President Trump visited the Milwaukee area last week, tweeting that he was “heading to the Great State of Wisconsin to talk about “JOBS, JOBS, JOBS!” Expanding opportunities for workers and developing the state’s workforce should be a top priority for policymakers at both the state and federal levels, but President Trump’s rhetoric doesn’t match his actions on this issue. His proposed budget makes deep cuts to the federal resources that Wisconsin uses to develop the state’s skilled and work-ready labor force.

Trump jobs tweet

In his visit to Waukesha County Technical College, President Trump emphasized the importance of developing a skilled workforce, declaring that “America must not only teach, but celebrate skilled labor.” But the 2018 budget he proposed would deeply cut federal funding for programs and services that states deliver that are critical for the development of a healthy, well-educated workforce – programs like Medicaid, which helps people with low incomes see a doctor when they need one, and SNAP (previously known as food stamps), which helps people with low incomes put food on the table. Read more

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Wisconsin Left with Little to Show for Nearly Eliminating Requirement that Manufacturers Pay Income Tax

Wednesday, May 3, 2017 at 7:40 AM by

The number of manufacturing jobs in Wisconsin has grown more slowly than the national average, despite a major new tax break that nearly wipes out income taxes for manufacturers.

The number of manufacturing jobs in Wisconsin grew by 1.4% between September 2013 and September 2016, less than the national rate of 2.1%. These figures are based on the Quarterly Census of Employment and Wages, the “gold standard” measure of jobs figures. September 2016 is the most recent month for which jobs figures are available from the QCEW; that month’s figures are preliminary. The manufacturing tax break started with tax year 2013 and was phased in over a four-year period.

Manuf-jobs

The slow growth of manufacturing jobs in Wisconsin is notable because over that same period Wisconsin gave manufacturers a tax break worth $457 million, through a tax credit that nearly wipes out income tax liability for manufacturers and some other businesses. But lawmakers didn’t require manufacturers to create any jobs to receive the tax break – in fact, even manufacturers that are laying off employees or sending Wisconsin jobs overseas can receive the tax cut. Read more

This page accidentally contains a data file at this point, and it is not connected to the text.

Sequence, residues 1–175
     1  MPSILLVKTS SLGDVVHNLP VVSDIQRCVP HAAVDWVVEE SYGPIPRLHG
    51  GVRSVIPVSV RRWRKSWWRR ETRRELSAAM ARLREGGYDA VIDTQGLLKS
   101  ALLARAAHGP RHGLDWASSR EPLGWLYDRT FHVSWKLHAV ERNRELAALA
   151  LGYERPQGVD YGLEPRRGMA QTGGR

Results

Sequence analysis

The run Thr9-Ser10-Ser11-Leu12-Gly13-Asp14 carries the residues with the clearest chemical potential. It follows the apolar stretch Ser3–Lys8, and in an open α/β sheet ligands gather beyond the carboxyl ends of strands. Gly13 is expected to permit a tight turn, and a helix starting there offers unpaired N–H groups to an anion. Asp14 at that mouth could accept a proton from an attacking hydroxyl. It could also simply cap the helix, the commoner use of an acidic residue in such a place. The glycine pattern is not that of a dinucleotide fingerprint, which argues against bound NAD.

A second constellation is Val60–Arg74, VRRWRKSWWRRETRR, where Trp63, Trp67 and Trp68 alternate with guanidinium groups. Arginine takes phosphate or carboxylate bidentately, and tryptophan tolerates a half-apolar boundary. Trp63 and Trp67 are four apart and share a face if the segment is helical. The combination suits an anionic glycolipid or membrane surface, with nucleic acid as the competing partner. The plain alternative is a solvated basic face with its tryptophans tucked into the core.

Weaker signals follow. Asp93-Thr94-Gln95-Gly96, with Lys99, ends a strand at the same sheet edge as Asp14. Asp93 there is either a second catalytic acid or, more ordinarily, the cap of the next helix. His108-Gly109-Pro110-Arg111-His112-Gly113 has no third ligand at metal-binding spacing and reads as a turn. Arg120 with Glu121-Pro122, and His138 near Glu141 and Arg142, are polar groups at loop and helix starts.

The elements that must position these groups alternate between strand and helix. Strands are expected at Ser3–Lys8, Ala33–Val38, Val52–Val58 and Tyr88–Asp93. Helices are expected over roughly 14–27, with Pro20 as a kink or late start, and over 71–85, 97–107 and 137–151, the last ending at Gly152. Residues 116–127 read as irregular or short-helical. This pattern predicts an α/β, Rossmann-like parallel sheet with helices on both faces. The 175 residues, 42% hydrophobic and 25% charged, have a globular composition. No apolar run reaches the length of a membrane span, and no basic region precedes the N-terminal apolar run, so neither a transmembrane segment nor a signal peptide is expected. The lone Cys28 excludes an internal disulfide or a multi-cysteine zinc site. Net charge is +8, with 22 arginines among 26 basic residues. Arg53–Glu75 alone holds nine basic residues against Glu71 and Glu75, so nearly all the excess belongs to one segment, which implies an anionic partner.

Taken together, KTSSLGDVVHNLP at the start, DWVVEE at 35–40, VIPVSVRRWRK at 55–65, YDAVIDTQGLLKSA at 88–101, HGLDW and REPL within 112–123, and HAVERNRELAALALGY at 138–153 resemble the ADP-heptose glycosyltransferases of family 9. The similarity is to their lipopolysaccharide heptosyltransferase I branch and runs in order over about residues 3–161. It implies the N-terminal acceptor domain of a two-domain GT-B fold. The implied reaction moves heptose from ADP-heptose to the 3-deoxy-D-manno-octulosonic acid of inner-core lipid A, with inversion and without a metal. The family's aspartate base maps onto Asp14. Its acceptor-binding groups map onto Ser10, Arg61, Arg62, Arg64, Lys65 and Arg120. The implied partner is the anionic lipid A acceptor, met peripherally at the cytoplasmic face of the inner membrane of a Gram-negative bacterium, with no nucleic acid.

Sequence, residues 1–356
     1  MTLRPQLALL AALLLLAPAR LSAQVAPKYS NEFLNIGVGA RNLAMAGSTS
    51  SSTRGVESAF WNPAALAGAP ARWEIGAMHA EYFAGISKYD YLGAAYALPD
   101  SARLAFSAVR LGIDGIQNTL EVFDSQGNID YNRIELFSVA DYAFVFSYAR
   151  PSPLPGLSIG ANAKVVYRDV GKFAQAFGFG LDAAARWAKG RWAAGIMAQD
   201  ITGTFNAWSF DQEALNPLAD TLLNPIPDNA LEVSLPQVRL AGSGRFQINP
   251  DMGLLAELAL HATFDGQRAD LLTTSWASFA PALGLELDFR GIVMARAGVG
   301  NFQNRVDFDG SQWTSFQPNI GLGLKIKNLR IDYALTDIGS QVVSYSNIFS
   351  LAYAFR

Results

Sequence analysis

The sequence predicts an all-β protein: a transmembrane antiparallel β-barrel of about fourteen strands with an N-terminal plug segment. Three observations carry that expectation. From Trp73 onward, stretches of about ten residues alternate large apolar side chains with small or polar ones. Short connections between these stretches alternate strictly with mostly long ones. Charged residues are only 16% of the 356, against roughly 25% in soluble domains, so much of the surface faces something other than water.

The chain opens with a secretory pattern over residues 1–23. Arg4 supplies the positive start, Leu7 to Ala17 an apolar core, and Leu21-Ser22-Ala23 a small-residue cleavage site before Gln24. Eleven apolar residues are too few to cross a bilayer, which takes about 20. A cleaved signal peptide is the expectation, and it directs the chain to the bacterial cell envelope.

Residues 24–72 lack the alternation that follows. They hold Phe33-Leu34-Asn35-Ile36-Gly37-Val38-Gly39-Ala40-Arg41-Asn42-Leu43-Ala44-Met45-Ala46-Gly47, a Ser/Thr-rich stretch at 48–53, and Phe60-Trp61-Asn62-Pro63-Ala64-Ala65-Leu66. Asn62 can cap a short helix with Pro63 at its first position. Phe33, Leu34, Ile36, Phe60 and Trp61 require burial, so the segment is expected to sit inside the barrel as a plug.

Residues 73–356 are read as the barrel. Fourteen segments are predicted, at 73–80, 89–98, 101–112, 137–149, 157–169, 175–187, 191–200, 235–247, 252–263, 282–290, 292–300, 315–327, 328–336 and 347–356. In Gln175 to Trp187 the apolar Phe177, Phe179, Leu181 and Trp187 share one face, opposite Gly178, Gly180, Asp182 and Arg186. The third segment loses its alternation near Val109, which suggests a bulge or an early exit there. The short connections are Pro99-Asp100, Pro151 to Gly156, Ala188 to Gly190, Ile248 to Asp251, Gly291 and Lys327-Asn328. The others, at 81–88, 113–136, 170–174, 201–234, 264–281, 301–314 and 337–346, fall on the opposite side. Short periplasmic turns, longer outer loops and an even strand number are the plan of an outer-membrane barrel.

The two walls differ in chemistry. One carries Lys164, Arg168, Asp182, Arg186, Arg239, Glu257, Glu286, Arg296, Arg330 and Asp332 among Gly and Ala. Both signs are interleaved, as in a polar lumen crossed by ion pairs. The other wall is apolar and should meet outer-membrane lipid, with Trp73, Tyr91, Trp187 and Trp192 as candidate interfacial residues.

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Blueprint Lays Framework to Help all Communities in Wisconsin Thrive

Thursday, January 19, 2017 at 6:15 PM by
In order for Wisconsin remain an attractive place to live and work, the state needs to make investments in a skilled workforce, a strong public education system, and a healthy citizenry. A broad-based coalition has set out a plan for how we can invest to help Wisconsin communities thrive – and it starts by recouping millions of dollars lost to tax loopholes that benefit a small number of people.
Categories: 2017-19 biennial budget, Blog, capital gains, corporate tax, economic development, In Focus State Budget, taxes | Comments Off on Blueprint Lays Framework to Help all Communities in Wisconsin Thrive

Judge’s Decision Puts Scope of Overtime Protections in Trump’s Hands

Wednesday, December 7, 2016 at 1:04 PM by

Suspended Rule Change Would Benefit Nearly 1 in 4 Salaried Workers in Wisconsin

Low-wage workers who are required to work long hours deserve the protection of federal overtime laws. Unfortunately, a long-awaited federal rule change that would have extended overtime benefits to almost one fourth of salaried Wisconsin workers has been blocked and its fate is now in the hands of the incoming Trump administration.

The new overtime rule approved by the Labor Department was scheduled to take effect on December 1, but a November 22nd ruling by a district court judge in Texas put the rule in limbo. The judge’s injunction might enable the new president to kill the rule simply by not appealing that decision, rather than going through the lengthy rulemaking process that would otherwise be required to reverse or change the new rule.

The judge’s ruling maintains the current policy that says employers don’t have to pay overtime to salaried workers earning more than $23,660 per year ($455 per week) if they are classified in any of these three categories: executives, administrators, or professionals. Read more

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Strong Income Gains in 2015, but Hold the Champagne

Thursday, September 15, 2016 at 5:12 PM by

Poverty Remains Well above Pre-recession Level, and Extreme Disparities Continue

In many respects, the national and Wisconsin data released today by the Census Bureau is much better than I dared hope for, but that doesn’t mean I’ll be popping any champagne corks today. A closer analysis of the data reveals that most Wisconsinites are still making less than they did before the Great Recession, and our state continues to have extreme economic disparities based on race. Read more

Categories: Blog, economy, income, poverty | Comments Off on Strong Income Gains in 2015, but Hold the Champagne